Weldon's was an English paper-pattern company in that would go on to become one of the most recognized needlework publishers in Victorian England. Weldon's still exists, and every time I open an issue of Weldon's Practical Needlework, I'm intrigued by the items that I can't identify. Why did they knit these things? Today, it might be considered a waste of time, but in Victorian times, they had different needs, and time to spare.
|Anklet to wear above shoes. Instructions were also given to fold up the bottom of the anklet, to emphasize the knitted ruffle on the bottom.
|Knitted Boot Covering|
Here's Interweave founder Linda Ligon to tell you about some of these items and the how and why of it.
What's your everyday cloth? The rag you wipe your kitchen counters with? The laces for tying your running shoes, the towel for drying your coffee cup, the napkin by your plate at dinner? The pillowcase you lay your head on at night? These are purely functional. They are most usually store-bought, though you may have made or embellished them at one time or another, or you could if you wanted to.
Victorian and Edwardian women, those with the leisure to make things by hand, had a different view of what textiles were necessary in their daily lives or what was worth their creative effort. Of course they had the homely textiles described above (though the napkins might have had elaborate drawnwork and the pillowcases dainty tatted edgings). But they had more. So much more. Look through old copies of Weldon's Practical Needlework and your jaw will drop.
You would have had a handmade pincushion in every room in the house (because you never knew when you might need a pin). Not just the boring tomato-shaped ones with a strawberry filled with emery on top either. Your pincushions might take the form of a rooster, a fan, a bow, a doll, a cream jug, a leaf, a witch's hat, a hassock, an egg, a spoon, a beechnut, an acorn, a folly! (And what's a folly? A pincushion that is "merely fantastic in shape.") You might knit, crochet, sew, or embroider your pincushions, and they would require some investment of time. What would you be thinking?
|Finger Stall, a Victorian knitted bandage of sorts|
Was It Modesty or Was It Boredom?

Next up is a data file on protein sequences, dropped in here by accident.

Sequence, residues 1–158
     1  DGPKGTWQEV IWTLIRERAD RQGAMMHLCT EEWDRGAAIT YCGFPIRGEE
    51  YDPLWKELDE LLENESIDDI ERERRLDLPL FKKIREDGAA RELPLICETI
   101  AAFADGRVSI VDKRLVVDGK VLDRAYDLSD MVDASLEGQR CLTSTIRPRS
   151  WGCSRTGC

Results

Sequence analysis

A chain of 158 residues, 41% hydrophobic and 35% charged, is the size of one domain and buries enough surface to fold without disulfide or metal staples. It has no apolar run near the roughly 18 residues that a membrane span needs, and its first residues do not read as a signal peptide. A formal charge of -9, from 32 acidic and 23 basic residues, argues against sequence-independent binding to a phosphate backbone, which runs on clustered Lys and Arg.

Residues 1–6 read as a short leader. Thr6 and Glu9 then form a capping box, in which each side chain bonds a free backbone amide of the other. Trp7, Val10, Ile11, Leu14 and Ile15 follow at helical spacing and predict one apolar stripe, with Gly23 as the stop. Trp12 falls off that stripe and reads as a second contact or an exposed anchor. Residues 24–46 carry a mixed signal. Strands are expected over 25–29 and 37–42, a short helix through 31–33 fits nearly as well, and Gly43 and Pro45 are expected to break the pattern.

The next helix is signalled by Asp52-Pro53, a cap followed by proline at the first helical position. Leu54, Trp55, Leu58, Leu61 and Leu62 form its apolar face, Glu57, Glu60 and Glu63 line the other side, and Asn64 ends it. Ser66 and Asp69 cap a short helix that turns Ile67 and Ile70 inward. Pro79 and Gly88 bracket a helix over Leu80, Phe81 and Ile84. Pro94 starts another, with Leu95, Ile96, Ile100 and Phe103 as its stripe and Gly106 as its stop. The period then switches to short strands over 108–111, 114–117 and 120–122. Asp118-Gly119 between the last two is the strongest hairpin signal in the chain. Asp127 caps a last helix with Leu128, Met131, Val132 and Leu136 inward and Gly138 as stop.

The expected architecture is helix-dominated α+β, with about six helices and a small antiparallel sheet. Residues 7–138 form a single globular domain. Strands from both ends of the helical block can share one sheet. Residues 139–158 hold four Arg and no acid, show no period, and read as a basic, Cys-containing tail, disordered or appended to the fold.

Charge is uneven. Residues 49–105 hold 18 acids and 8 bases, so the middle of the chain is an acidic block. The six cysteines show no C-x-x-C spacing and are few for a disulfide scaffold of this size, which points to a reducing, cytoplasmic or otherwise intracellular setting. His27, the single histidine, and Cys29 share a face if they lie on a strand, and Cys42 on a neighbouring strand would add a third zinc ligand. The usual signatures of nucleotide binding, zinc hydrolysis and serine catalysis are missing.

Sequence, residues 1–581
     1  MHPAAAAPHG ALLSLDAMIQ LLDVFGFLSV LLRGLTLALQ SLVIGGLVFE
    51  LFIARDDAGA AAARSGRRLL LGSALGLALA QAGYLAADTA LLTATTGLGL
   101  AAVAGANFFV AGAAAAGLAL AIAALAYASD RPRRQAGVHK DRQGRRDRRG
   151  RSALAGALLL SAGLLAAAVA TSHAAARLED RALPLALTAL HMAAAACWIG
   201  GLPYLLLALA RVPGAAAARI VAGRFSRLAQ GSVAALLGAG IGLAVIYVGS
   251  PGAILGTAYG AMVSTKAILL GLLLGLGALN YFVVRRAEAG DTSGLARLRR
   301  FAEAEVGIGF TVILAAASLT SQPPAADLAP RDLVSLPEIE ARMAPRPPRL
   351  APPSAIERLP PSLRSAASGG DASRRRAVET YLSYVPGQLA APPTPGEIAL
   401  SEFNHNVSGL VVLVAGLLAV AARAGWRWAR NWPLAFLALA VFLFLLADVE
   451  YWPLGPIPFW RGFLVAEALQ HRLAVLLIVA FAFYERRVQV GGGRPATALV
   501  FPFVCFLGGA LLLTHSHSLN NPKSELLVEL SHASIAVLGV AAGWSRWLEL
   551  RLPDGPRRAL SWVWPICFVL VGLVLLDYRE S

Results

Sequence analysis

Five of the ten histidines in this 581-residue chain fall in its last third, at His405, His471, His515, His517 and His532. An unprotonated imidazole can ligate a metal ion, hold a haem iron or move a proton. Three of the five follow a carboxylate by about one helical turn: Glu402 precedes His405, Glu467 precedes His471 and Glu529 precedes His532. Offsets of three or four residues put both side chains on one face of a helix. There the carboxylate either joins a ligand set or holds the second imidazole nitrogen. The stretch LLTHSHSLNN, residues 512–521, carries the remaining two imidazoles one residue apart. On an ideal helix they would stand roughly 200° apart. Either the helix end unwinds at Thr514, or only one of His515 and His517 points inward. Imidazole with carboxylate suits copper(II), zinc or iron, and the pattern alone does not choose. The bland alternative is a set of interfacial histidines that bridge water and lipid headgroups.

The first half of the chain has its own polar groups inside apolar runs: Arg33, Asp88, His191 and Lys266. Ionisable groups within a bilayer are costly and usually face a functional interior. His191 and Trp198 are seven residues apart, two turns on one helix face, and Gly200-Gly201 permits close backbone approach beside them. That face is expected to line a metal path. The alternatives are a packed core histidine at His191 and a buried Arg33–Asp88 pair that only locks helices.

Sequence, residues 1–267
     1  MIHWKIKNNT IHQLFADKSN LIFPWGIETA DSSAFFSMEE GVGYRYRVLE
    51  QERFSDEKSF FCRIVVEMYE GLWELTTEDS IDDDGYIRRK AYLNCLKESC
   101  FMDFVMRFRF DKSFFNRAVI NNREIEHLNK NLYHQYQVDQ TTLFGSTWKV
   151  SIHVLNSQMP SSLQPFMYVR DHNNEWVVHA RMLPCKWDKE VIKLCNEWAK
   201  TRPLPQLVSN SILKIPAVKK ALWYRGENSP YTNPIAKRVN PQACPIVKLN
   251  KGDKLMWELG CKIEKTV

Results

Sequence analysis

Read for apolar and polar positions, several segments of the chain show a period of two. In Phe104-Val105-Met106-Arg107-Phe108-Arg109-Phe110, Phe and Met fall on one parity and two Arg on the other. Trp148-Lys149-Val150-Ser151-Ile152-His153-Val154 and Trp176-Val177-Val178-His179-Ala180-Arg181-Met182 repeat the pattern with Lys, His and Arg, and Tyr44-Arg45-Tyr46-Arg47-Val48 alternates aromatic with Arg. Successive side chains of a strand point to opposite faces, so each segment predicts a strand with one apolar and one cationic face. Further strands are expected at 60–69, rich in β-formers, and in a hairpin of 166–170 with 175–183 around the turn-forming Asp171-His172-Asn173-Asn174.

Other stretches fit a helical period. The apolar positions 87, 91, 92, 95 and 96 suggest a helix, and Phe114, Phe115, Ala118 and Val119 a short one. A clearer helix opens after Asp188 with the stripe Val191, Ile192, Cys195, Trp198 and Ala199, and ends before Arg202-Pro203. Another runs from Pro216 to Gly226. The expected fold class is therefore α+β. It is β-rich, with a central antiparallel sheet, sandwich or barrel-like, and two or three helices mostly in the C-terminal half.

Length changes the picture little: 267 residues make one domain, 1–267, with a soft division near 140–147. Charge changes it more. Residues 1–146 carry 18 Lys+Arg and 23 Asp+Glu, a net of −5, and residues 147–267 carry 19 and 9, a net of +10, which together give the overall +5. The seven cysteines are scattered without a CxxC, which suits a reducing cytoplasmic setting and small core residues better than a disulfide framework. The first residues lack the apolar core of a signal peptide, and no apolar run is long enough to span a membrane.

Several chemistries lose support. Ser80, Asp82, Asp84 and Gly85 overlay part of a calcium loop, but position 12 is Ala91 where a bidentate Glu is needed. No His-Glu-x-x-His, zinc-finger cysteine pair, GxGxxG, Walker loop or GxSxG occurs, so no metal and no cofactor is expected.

Victorian ladies were highly concerned with covering things. Not just their bricks, but their toasters, teapots, chair arms, piano lids, flower vases, cologne bottles, matchboxes-almost anything that would hold still. They might even have crocheted a covering for their ball of crochet cotton. They created little shades for their candles so that the naked wicks would not be exposed when they were not burning. They crafted multitiered frills for their baked hams (to avoid public exposure of a pig's ankle). This is a running theme throughout their craft publications. So many detailed project instructions for coverings, so much care and detail involved in their execution. They knitted coverings for their boots. That is, coverings for when they were wearing their boots down the street, so their boots would not get dirty or so they would not slip on ice. Of course, they also knitted coverings for their boots to wear when safely stored in the closet. They knitted fine cotton covers with straps (optional) to cover wounded fingers (called a "finger stall"). "These can be quickly made," their Weldon's Practical Needlework assured its readers.
The Why of It
Is this beginning to sound trivial or perhaps even a little neurotic? It shouldn't. Women above the working class had time. They had hand skills. They did not have computers or televisions or even radios to occupy their attention. They did not have jobs outside the home. What would you do in that situation? Small handwork projects for the home can provide so much satisfaction even if they are dispensable. Ladies of those earlier eras also made items that would seem perfectly functional today: shopping bags, nets for protecting their fruit trees, even netted billiard table pockets. But these were not plain vanilla items! The billiard pockets would have had fancy tassels. The shopping bag made of plain string would be "beautified with a piece of 1½ inch wide old gold colored fancy-edged ribbon." They represented a level of attention consistent with the aesthetic of the times.
A Continuing Tradition
Fast-forward thirty or forty years. Consider an apron-shaped clothespin bag and hand-made pot holders. Depending on your age, these are items your mother or grandmother might have made (to go with her apron with the clever little pockets and trim). Maybe the desire to imbue the simplest everyday textiles with personality and meaning skips generations, but it does not die. And today? Who has not seen a pattern for a knitted or crocheted or embroidered cell phone cover, iPod cover, laptop cover, or even television remote control cozy?
—Linda Ligon, from Victorian Times
Connect to knitters of the past with Weldon's Practical Needlework! Get this very special collection today, along with a free gift, the Victorian Times eBook!